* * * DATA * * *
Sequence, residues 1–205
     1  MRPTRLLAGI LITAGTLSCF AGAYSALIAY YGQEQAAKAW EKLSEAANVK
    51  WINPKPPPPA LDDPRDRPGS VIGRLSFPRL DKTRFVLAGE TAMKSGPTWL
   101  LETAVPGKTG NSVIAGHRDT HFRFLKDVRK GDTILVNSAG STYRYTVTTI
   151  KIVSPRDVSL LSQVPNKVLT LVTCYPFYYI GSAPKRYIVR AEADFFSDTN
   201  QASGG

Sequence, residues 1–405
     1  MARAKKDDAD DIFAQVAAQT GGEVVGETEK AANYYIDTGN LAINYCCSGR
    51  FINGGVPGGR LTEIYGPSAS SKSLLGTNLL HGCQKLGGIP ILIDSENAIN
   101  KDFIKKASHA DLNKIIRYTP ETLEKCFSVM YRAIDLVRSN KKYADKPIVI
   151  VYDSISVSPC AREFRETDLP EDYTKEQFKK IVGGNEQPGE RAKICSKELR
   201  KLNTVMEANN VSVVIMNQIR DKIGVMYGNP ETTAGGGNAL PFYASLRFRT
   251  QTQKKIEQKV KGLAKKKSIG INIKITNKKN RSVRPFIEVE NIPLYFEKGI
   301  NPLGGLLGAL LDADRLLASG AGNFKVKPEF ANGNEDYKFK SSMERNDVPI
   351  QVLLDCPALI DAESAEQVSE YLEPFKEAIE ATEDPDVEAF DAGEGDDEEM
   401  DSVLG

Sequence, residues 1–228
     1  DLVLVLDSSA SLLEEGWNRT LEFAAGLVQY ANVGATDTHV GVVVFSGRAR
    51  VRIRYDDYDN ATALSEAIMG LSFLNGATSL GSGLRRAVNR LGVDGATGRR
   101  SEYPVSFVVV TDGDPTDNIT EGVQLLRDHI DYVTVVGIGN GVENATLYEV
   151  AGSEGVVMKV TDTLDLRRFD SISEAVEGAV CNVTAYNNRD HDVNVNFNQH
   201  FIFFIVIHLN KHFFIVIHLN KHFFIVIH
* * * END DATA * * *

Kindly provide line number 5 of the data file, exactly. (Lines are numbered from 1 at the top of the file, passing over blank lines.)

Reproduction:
   151  KIVSPRDVSL LSQVPNKVLT LVTCYPFYYI GSAPKRYIVR AEADFFSDTN